Coastal communities are embracing green change, writes Carolyn Boyd (Sun Herald)
LIVING in a coastal community and having young children has spurred Matthew Nott into action on climate change. The orthopedic surgeon from the tiny community of Tathra on the NSW Far South Coast is the driving force behind a move to introduce clean energy to the Bega Valley.
The movement started out relatively small – raising $20,000 to install a wind turbine and solar panel on the roof of a surf club. But now, under the banner of Clean Energy for Eternity, the group’s aims have grown and Nott says the next step is raising about $8 million to build a community-owned solar energy farm.
The Federal Government has committed $100,000 for a feasibility study into the project and has promised another $1 million.
Nott wants to establish a model other communities can follow. “We want to set ourselves up as a centre of excellence for renewable energy,” he says.
The Tathra community has already won plaudits for caring for the environment. Last year, it beat more than 100 other entrants to win Keep Australia Beautiful’s NSW Clean Beach Challenge.
When the award was announced, judges called Tathra Beach “the pearl of the South Coast”, adding “Tathra has some fantastic community involvement in some great environmental outcomes, including the dune restoration and bush regeneration, which has taken place right along Tathra Beach”.
The median house price in Tathra is $375,000. Property available ranges from a basic three-bedroom house for $265,000 to a 19-hectare eco-getaway with an innovative, two-bedroom, corrugated iron home that runs on solar power and has a separate studio with bathroom. The asking price is $1.38 million.
Real estate agent at Marshall and Tacheci, Robert Tacheci, says the stretch of coast between Bermagui and Tathra is attractive because it has a raw beauty and is home to a community that is environmentally conscious and has diverse cultural interests, including art and music.
“I think the community goes with the area,” he says. “That you’ll find the people who’ll go for the area tend to have that taste because it’s one of the last little unspoilt bits [along the coast].
“If you were to follow the Princes Highway up and down the coast from Sydney to Melbourne, you’ve actually got this little bit that was somehow bypassed. That seems to have left an area that people are really drawn to for that reason.”
Further north, at Batemans Bay, the local Coastwatchers Association successfully pushed for the 85,000-hectare Batemans Marine Park, where the commercial fishing practices of trawling, long-lining and dredging are banned.
The group’s next campaign is convincing government and landholders that the region’s forests should not be woodchipped.
In Batemans Bay, the median price of houses is $312,500 and as the economic downturn bites, many properties on the market are subject to substantial discounting.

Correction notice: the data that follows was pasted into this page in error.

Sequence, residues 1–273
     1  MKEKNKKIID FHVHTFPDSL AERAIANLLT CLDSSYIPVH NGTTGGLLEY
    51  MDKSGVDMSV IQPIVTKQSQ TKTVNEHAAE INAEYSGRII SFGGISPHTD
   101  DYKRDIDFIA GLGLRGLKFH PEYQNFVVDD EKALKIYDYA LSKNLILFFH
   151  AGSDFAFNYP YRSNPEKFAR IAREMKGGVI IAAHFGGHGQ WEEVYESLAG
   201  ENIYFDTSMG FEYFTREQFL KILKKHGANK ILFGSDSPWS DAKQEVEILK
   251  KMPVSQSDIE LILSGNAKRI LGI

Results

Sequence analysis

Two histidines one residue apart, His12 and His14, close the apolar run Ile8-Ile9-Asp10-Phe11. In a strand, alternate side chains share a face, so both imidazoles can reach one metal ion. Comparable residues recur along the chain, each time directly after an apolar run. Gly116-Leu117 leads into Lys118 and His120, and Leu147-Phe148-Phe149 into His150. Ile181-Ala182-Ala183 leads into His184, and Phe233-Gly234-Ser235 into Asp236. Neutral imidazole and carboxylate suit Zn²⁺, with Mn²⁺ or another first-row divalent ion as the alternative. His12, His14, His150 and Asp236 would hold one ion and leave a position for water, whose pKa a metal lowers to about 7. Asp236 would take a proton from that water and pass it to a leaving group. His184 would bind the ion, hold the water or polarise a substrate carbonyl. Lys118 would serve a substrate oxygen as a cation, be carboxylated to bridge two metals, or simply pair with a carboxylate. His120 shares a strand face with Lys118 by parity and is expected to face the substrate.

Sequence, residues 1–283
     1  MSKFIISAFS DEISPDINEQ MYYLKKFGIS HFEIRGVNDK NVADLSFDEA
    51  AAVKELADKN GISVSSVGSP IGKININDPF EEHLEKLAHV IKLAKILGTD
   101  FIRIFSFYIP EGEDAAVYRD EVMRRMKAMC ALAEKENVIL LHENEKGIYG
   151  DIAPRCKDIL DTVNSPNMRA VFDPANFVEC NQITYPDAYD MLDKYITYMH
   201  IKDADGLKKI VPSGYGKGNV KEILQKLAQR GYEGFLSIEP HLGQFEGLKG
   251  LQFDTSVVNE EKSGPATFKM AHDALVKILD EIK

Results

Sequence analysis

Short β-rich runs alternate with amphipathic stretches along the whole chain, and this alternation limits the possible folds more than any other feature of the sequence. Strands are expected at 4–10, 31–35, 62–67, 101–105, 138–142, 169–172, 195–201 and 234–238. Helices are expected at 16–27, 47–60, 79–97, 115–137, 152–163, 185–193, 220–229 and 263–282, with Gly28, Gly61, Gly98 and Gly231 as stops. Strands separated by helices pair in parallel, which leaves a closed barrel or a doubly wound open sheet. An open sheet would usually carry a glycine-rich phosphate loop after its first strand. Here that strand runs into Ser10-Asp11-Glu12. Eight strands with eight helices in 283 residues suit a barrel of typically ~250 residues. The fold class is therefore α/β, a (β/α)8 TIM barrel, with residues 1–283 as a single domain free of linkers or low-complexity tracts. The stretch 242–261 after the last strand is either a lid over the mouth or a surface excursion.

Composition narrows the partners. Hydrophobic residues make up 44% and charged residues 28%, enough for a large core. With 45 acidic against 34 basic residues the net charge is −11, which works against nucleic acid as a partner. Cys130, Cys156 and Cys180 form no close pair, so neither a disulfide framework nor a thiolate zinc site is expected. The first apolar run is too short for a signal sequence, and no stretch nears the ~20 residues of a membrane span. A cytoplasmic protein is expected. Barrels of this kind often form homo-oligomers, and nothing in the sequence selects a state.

Coastwatchers president Mark Flemming says he is not opposed to development but would rather housing was built on already degraded farming land set hundreds of metres back from the water and off coastal dunes.
Flemming welcomes moves by developers to recognise better environmental principles in housing design.
“There’s no doubt that using intelligent design at subdivision stage is a really good idea,” he says.
“We think a subdivision should be designed so that those sort of issues can be taken into account, [including] north-facing blocks.”
The Tathra Surf Club’s switch to renewable energy in 2006 received great support from the community of this town on the NSW south coast. The wind turbine and solar panels installed on the roof save the surf club nearly $1000 per year in energy costs, are a highly visible demonstration of how renewable energy works and save our atmosphere about three tonnes of CO2 each year.
The installation was part of the LifeSaving Energy campaign by Clean Energy for Eternity, a community group on the NSW south coast.
According to Matthew Nott, spokesperson for Clean Energy for Eternity, the project received a lot of positive feedback. “What this project has done is show people how easy it is to install renewable energy onto a rooftop. The technology is ready to go and the equipment was installed quickly and easily.”
In fact, the project went so well that Matthew started thinking of an ambitious campaign – to switch every surf club in Australia to renewable energy.
“It makes for a strong statement – 305 surf clubs in Australia set up with renewable energy,” says Matthew, “And I wonder how many surf clubs there are on the planet?”
Clean Energy For Eternity first plans to switch all seven surf clubs in south east NSW to renewables by the end of 2008, before going national with the LifeSaving Energy campaign.
To raise money for the project, Matthew’s team started the LifeSaving Energy Big Swim, a series of 7-kilometre swims around south east NSW. The first Big Swim across Lake Jindabyne raised $20,000, just enough to install 2kw solar panels and a 400w wind turbine on Jindabyne surf club.
More Big Swim fundraisers will be held throughout 2008 in NSW, each linked to one lucky surf club. A Big Swim in the Bega River is even raising money for a wind turbine for Tathra Primary School (“This 7-kilometre swim is on the June long weekend in water that may be as cold as 10 degrees!”)
And Matthew has much bigger ideas in the pipeline.
“I am looking forward to working with Surf Life Saving Australia to set up a national LifeSaving Energy Big Swim, with surf clubs in each state holding a Big Swim on the same day to raise money for surf clubs. That will have some impact.